* Rattner has “fiercely resisted” proposed penalty-NYT (Adds SEC and Rattner decline to comment)
NEW YORK, June 2 (Reuters) - The U.S. Securities and Exchange Commission is moving to bar high-profile investor Steven Rattner from working in the securities industry for up to three years, the New York Times reported on Wednesday.
Rattner, who founded private equity firm Quadrangle Group LLC but left in 2009, is being investigated for his role in a suspected kickback scheme, and has resisted the proposed penalty from the SEC, the Times said, citing three people told of the discussions.
Representatives for Rattner and the SEC declined to comment on the story.
New York Attorney General Andrew Cuomo in April said that Quadrangle and four other defendants agreed to pay nearly $12 million to settle over their involvement in the New York State Common Retirement Fund, the third-largest U.S. public pension fund. [ID:nN15228127]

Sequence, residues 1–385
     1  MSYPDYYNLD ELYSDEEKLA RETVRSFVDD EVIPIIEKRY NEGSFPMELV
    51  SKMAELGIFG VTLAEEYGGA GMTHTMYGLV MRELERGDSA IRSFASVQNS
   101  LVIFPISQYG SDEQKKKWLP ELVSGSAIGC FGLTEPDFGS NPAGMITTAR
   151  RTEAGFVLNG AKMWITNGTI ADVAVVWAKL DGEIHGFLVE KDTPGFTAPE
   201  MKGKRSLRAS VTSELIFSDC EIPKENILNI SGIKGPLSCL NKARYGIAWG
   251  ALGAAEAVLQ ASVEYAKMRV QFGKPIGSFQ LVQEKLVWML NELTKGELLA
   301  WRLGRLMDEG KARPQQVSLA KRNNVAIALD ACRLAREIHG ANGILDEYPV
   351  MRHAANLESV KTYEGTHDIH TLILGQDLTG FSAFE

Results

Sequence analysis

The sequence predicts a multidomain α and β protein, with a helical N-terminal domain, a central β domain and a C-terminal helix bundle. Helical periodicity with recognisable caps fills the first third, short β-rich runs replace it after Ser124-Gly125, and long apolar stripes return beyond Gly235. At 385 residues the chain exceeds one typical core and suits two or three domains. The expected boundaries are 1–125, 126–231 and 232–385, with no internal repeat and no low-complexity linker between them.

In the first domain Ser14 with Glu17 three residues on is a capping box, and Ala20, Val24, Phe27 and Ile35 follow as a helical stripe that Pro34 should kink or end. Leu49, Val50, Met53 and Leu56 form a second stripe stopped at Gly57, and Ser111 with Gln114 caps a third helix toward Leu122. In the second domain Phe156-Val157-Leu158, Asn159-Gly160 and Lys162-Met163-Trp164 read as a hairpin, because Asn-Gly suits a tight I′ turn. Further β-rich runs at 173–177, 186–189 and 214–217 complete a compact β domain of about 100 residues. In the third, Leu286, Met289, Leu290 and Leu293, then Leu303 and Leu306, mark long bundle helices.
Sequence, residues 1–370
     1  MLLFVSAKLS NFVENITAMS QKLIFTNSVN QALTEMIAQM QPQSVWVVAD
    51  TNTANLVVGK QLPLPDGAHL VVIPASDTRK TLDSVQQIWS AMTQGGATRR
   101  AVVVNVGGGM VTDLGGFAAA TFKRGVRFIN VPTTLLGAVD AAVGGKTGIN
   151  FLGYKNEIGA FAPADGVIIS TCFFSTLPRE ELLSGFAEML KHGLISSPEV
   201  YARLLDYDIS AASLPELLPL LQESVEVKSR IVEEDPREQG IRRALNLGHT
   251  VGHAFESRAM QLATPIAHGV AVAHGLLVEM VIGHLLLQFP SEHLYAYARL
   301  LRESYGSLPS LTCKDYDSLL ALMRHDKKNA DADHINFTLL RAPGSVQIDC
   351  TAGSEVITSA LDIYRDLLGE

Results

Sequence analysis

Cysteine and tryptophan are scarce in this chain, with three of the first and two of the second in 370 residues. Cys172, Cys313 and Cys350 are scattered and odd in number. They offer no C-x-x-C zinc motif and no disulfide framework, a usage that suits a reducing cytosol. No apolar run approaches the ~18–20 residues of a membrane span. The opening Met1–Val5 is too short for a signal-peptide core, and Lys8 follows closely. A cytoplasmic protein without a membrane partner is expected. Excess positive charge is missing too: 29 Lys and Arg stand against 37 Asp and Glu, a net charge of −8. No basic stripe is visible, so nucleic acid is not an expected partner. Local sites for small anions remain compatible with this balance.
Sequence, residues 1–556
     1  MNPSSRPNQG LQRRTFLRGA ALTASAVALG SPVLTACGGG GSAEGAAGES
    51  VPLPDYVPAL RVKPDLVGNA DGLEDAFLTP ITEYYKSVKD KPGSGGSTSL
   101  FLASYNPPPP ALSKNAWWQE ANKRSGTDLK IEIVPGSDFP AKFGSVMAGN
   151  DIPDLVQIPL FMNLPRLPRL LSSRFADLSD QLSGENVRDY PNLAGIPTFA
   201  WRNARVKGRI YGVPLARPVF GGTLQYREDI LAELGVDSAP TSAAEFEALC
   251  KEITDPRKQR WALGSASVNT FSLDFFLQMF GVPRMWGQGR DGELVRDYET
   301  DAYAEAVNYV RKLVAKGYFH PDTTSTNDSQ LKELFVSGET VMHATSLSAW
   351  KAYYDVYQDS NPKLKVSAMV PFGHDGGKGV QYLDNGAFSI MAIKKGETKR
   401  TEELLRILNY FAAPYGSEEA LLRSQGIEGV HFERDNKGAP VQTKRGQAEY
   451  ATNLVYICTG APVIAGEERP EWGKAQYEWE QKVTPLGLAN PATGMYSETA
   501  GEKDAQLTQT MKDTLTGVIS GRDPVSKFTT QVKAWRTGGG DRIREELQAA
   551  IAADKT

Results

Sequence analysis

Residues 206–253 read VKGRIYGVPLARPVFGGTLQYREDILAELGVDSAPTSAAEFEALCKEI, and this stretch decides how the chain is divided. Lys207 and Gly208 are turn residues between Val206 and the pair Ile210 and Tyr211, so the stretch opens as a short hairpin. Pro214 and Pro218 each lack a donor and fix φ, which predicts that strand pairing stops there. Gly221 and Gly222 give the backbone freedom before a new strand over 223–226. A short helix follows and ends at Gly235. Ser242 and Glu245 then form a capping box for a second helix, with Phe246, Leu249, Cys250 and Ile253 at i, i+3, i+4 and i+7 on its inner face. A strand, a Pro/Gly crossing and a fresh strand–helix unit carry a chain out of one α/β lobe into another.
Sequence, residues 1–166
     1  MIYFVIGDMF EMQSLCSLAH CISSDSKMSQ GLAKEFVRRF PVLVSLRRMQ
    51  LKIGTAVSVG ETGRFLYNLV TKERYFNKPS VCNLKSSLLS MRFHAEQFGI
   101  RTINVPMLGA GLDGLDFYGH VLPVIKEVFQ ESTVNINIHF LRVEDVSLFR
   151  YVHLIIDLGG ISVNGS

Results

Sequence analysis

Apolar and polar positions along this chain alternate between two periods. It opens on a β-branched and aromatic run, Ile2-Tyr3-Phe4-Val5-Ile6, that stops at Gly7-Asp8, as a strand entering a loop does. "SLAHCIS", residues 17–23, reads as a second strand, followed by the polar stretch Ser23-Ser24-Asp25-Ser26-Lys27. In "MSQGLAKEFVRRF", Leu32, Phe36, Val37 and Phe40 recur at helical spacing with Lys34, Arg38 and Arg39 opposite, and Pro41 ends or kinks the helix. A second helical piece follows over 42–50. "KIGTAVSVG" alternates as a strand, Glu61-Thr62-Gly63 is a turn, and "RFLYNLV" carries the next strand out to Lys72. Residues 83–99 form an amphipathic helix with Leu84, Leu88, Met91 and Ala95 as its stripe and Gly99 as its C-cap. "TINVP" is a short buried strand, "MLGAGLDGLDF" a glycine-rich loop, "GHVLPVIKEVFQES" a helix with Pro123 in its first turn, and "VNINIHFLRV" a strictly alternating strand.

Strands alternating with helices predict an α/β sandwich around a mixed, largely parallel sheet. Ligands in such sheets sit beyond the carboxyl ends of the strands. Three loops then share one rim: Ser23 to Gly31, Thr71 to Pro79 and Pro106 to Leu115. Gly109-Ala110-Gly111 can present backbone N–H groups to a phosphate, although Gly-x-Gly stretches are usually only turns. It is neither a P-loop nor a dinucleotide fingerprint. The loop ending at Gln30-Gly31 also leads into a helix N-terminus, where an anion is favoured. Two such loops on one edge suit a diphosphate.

Investigators alleged that Quadrangle won a $100 million investment from the pension fund by engaging in improper “quid pro quo” arrangements.
The SEC and Cuomo have suggested that Rattner improperly paid off a political operative to win lucrative business from the New York state pension fund, the paper said, including an incident where he arranged to help distribute a low-budget film for the brother of a pension fund official.
The paper said Rattner was left out of the Quadrangle agreement because he declined the SEC’s proposal that he be barred from working on Wall Street. Rattner left the firm in 2009 to briefly run U.S. President Barack Obama’s auto bailout task force.
Under the proposed SEC settlement, Rattner would most likely be barred from advising New York Mayor Michael Bloomberg, the Times said. Rattner is playing a role in creating an investment office for Bloomberg, which will oversee billions of dollars for the mayor’s new philanthropic foundation. (Reporting by Franklin Paul, editing by Maureen Bavdek)